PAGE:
Nov 5, 2019 by News Staff / Source
In November 2018, NASA’s Voyager 2 spacecraft became only the second human-made object to cross the outer edge of the Sun’s heliosphere, the bubble of space filled by the solar wind. In a series of five papers in the journal Nature Astronomy , researchers describe what they observed during and since Voyager 2’s historic exit. Each paper details the findings from one of Voyager 2’s five instruments: a magnetic field sensor, two instruments to detect energetic particles in different energy ranges and two instruments for studying plasma.
An artist’s concept depicting one of NASA’s twin Voyager spacecraft. Image credit: NASA / JPL-Caltech.
“In a historical sense, the old idea that the solar wind will just be gradually whittled away as you go further into interstellar space is simply not true,” said University of Iowa’s Dr. Don Gurnett.
“We show with Voyager 2 — and previously with Voyager 1 — that there’s a distinct boundary out there. It’s just astonishing how fluids, including plasmas, form boundaries.”
The Sun’s heliosphere is like a ship sailing through interstellar space. Both the heliosphere and interstellar space are filled with plasma. The plasma inside the heliosphere is hot and sparse, while the plasma in interstellar space is colder and denser. The space between stars also contains cosmic rays.
When Voyager 2 exited the heliosphere last year, scientists announced that its two energetic particle detectors noticed dramatic changes: the rate of heliospheric particles detected by the instruments plummeted, while the rate of cosmic rays increased dramatically and remained high. The changes confirmed that the probe had entered a new region of space.
Before Voyager 1 reached the edge of the heliosphere in 2012, researchers didn’t know exactly how far this boundary was from the Sun.
The two probes exited the heliosphere at different locations and also at different times in the constantly repeating, approximately 11-year solar cycle.
Scientists expected that the edge of the heliosphere, called the heliopause, can move as the Sun’s activity changes, sort of like a lung expanding and contracting with breath. This was consistent with the fact that the two probes encountered the heliopause at different distances from the Sun.
The new papers now confirm that Voyager 2 is not yet in undisturbed interstellar space. Like its twin, Voyager 1, the probe appears to be in a perturbed transitional region just beyond the heliosphere.
“The Voyager probes are showing us how our Sun interacts with the stuff that fills most of the space between stars in the Milky Way Galaxy,” said Caltech Professor Ed Stone, project scientist for Voyager.
“Without the new Voyager 2 data, we wouldn’t know if what we were seeing with Voyager 1 was characteristic of the entire heliosphere or specific just to the location and time when it crossed.”
This illustration shows the position of NASA’s Voyager 1 and Voyager 2 probes, outside of the heliosphere, a protective bubble created by the Sun that extends well past the orbit of Pluto. Image credit: NASA / JPL-Caltech.
The two Voyager spacecraft confirmed that the plasma in local interstellar space is significantly denser than the plasma inside the heliosphere, as scientists expected.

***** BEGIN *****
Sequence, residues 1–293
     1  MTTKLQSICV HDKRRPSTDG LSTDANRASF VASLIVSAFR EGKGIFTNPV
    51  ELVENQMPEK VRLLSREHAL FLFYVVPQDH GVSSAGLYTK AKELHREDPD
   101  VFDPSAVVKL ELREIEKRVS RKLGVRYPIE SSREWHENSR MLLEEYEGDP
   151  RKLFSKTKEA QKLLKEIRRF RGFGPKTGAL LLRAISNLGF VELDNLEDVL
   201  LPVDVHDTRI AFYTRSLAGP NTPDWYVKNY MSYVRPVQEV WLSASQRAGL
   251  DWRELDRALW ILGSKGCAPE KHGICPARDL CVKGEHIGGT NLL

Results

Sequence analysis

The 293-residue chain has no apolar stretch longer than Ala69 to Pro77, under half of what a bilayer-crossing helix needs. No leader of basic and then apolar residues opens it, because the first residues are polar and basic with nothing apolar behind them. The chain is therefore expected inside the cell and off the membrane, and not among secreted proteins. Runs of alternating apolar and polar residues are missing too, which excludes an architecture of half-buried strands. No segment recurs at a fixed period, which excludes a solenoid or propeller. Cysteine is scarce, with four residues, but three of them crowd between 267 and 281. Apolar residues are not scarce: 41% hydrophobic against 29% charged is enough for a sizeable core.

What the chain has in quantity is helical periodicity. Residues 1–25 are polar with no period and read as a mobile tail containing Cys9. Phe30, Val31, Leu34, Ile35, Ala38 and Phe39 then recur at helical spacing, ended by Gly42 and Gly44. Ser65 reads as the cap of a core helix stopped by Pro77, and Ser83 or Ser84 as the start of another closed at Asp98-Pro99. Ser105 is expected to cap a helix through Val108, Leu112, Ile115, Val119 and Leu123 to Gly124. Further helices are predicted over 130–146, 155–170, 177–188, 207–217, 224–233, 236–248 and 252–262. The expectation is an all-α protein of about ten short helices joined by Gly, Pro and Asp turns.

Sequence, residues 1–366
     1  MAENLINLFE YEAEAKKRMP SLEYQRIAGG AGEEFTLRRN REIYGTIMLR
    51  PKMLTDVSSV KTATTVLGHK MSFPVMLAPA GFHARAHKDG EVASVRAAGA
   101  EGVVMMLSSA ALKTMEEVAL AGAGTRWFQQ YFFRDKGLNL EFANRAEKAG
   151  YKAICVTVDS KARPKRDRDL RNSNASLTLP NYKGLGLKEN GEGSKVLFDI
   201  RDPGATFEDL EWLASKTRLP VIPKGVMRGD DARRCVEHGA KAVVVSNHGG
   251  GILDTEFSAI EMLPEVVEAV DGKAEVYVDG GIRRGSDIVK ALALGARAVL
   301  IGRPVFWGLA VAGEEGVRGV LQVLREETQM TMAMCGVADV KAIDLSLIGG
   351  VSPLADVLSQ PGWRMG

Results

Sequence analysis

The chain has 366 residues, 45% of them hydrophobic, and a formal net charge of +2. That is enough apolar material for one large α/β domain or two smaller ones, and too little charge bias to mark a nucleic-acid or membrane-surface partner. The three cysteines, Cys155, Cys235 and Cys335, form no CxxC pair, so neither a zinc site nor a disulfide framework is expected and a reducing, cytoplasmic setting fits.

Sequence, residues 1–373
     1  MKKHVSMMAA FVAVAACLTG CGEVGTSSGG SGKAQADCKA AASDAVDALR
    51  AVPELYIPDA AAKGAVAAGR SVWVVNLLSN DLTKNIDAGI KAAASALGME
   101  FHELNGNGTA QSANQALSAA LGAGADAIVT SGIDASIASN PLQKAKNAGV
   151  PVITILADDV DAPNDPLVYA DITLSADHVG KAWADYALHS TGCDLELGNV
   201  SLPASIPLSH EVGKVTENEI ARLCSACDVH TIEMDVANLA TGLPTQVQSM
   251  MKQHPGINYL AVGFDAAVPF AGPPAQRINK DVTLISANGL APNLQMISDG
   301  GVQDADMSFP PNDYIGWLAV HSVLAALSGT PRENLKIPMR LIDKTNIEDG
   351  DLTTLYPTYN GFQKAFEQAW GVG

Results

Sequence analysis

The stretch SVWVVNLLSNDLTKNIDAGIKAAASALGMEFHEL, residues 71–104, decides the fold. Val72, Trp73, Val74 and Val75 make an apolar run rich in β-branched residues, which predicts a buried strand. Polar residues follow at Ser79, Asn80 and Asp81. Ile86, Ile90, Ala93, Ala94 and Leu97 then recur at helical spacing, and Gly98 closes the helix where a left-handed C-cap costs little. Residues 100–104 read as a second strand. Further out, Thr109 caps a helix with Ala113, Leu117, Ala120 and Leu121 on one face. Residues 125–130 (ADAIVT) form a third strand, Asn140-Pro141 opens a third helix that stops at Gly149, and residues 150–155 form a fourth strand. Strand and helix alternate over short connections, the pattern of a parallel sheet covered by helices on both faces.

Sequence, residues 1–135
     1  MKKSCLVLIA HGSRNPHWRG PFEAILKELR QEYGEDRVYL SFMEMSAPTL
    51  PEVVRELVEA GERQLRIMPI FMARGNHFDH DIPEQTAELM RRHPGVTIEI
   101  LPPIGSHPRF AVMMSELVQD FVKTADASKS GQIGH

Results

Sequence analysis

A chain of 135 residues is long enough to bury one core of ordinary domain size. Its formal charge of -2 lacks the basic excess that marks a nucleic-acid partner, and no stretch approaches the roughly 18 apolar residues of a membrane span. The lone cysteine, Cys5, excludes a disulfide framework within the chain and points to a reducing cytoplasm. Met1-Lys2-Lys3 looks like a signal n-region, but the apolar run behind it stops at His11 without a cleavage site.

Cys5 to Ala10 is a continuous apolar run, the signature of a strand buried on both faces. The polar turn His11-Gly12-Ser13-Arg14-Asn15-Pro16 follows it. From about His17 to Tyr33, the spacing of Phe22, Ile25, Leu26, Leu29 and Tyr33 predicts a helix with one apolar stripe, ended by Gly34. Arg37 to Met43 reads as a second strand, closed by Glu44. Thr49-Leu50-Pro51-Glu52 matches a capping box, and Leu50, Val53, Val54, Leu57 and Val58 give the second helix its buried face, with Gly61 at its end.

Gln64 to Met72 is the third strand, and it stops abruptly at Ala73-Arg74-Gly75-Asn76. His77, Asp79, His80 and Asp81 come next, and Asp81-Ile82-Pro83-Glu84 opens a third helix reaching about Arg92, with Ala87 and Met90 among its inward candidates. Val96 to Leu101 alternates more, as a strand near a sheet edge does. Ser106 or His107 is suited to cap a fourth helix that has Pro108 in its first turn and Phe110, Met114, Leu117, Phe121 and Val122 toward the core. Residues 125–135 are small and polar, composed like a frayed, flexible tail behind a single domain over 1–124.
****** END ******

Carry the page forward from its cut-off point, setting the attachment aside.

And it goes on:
Voyager 2 also measured the temperature of the plasma in nearby interstellar space and confirmed it is colder than the plasma inside the heliosphere.
If the heliosphere is like a ship sailing through interstellar space, it appears the hull is somewhat leaky. One of Voyager’s particle instruments showed that a trickle of particles from inside the heliosphere is slipping through the boundary and into interstellar space.
Voyager 1 exited close to the very front of the heliosphere, relative to the bubble’s movement through space. Voyager 2, on the other hand, is located closer to the flank, and this region appears to be more porous than the region where Voyager 1 is located.
An observation by Voyager 2’s magnetic field instrument confirms a surprising result from Voyager 1: the magnetic field in the region just beyond the heliopause is parallel to the magnetic field inside the heliosphere.
With Voyager 1, scientists had only one sample of these magnetic fields and couldn’t say for sure whether the apparent alignment was characteristic of the entire exterior region or just a coincidence.
“Voyager 2’s magnetometer observations confirm the Voyager 1 finding and indicate that the two fields align,” Professor Stone said.
“The two Voyagers will outlast Earth,” said Dr. Bill Kurth, a research scientist at the University of Iowa.
“They’re in their own orbits around the Galaxy for five billion years or longer. And the probability of them running into anything is almost zero.”
“They might look a little worn by then,” Dr. Gurnett added with a smile.
S.M. Krimigis et al. 2019. Energetic charged particle measurements from Voyager 2 at the heliopause and beyond. Nat Astron 3: 997-1006; doi: 10.1038/s41550-019-0927-4
L.F. Burlaga et al. 2019. Magnetic field and particle measurements made by Voyager 2 at and near the heliopause. Nat Astron 3: 1007-1012; doi: 10.1038/s41550-019-0920-y
E.C. Stone et al. 2019. Cosmic ray measurements from Voyager 2 as it crossed into interstellar space. Nat Astron 3: 1013-1018; doi: 10.1038/s41550-019-0928-3
J.D. Richardson et al. 2019. Voyager 2 plasma observations of the heliopause and interstellar medium. Nat Astron 3: 1019-1023; doi: 10.1038/s41550-019-0929-2
D.A. Gurnett & W.S. Kurth. 2019. Plasma densities near and beyond the heliopause from the Voyager 1 and 2 plasma wave instruments. Nat Astron 3: 1024-1028; doi: 10.1038/s41550-019-0918-5
Thanks to: http://www.sci-news.com